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    Discussion in 'Plastic moulding' started by wizardofid, Nov 4, 2009.

    1. kinnavate

      kinnavate Member

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      Hello

      I have engineered many products such as this such as telecom test instruments and cellular phones. I would recommend 30% glass filled polycarbonate. This material will withstand military drop tests and beyond if you engineer it correctly. I drop test instruments from 20 foot high telephone poles to concrete and have had no problems. One time after the telephone pole drop, we decided to throw the unit on the ground and drive a forklift on it to see how good it really was. To our amazement, the forklift drove right up on it and just sat there. There were a few cracks in the plastic and cosmetic scratches, but it survived and worked completely.

      For the LCD I would overmold a silicone isolation gasket in the front housing to absorb shock. The LCD should be covered with polycarbonate and there should be an air gap between the LCD screen and the protective lens. I also recommend that the plastic be built up around the LCD to prevent direct impacts whenever possible. Heavier components on the PCB should be expoxied in addition to soldering to avoid delamination of the PCB. The PCB would also be rubber isolated and conformal coated to provide shock absorption. Overmolding rubber boots or corners can also aid in impact survival. In the units I have designed we also mold in a groove in each size of the housing to accommodate a gasket for environmental sealing.

      This is just a short mind dump but it should give you some direction. I would highly recommend that you minimize the guess & test approach to development. Spend the time to engineer and analyze the design using whatever software is suitable to the task. I would recommend Comsol Multiphysics or Ansys Multiphysics to study the assemblies behavior during an event simulation. You can do this many times in software, improving the design before you commit to costly physical prototyping and testing. Hopefully if done right, you will only need one or two physical prototypes to confirm the predictions of the software.

      Hope this helps

      Kinnavate
       
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    3. DesignTechnologist

      DesignTechnologist Member

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      If you are machining it, you may want to look at PEEK plastic. You can get different types that have glass filled, etc. I've used this for a few different applications. It's expensive but I'd hade it to 4500psi with no problems.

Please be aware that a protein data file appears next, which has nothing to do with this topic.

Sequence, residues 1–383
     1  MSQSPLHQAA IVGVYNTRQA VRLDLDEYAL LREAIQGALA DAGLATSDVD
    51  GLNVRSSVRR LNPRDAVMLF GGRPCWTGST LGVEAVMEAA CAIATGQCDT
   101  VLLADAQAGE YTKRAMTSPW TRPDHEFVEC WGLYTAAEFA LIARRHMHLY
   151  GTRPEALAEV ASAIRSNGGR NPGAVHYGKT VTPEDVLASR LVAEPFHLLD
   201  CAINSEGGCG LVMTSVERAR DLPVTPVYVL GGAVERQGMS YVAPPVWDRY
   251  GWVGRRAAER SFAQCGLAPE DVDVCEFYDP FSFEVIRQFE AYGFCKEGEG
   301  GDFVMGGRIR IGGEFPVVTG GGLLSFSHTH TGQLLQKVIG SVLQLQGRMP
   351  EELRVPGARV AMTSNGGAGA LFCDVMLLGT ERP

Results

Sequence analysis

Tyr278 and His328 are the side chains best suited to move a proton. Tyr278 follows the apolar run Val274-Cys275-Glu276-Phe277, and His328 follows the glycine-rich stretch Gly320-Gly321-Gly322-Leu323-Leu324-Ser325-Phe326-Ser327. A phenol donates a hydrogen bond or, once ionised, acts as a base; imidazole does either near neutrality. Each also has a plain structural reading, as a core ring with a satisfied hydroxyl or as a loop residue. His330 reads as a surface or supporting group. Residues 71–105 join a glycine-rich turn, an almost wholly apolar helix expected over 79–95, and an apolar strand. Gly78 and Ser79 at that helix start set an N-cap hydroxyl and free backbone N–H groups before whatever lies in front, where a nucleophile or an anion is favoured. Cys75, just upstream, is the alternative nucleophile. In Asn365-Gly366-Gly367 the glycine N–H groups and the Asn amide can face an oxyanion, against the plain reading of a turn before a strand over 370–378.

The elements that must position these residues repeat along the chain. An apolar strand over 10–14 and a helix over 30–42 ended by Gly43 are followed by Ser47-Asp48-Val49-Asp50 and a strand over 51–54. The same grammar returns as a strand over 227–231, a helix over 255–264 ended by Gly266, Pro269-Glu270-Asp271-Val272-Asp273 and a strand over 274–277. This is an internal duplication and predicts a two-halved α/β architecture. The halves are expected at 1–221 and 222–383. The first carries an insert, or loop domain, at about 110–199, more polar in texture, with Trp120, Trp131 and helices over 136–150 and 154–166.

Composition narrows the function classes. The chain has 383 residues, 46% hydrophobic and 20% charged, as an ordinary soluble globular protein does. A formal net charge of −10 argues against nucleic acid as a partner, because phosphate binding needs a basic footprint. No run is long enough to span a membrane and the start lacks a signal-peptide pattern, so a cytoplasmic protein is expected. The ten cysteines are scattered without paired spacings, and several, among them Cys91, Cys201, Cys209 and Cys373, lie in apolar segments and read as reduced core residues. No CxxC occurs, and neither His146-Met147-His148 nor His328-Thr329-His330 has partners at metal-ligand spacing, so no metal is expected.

If you are looking at injection molding, you can get a high impact ABS. I've used this in a recent project and was pretty impressed with it.
       
    4. maniacal_engineer

      maniacal_engineer Well-Known Member

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      If you are going to use PEEK you may as well mold it. Peek has great properties, but is expensive. If you are going to make more then just a couple of them you may as well pay for the tooling instead of paying for chips.
       
    5. Camid

      Camid Well-Known Member

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      We have designed a number of rugged products and we used PC/ABS (GE CYCOLOY) or Glass Filled (as suggested above). Both materials work well and were over-moulded with silicon. Not sure about the MIL spec. We have done ATEX in the past. I suppose it really depends on environment and mass etc.

      Cheers
      Alex
       
    6. wizardofid

      wizardofid Active Member

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      kinnavate, Camid, maniacal_engineer, DesignTechnologist,
      Thanks for all the information. We settled on a 30% Glass Filled PC, with no rubber overmoulding in the current design. We did build a removable sleeve as an accessory for protection in the field.

      @kinnavate: what materials did you use in those mobile phones you designed? Shells vary from 0.7mm to 1.2mm max. Will glass filled PC even fill in those slim profiles?
       
    7. ricky_yu

      ricky_yu New Member

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    8. bfox

      bfox New Member

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      I believe the pc/pbt like xenon would be required over pc/abs due to chem resistant to some of the chemical issues. Both should have the impact performance required depending on the weight and specific drop test for this component.
       
    9. wangyangzhong

      wangyangzhong Member

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      we used to use LEXAN,
      for DELL rugged laptop
       

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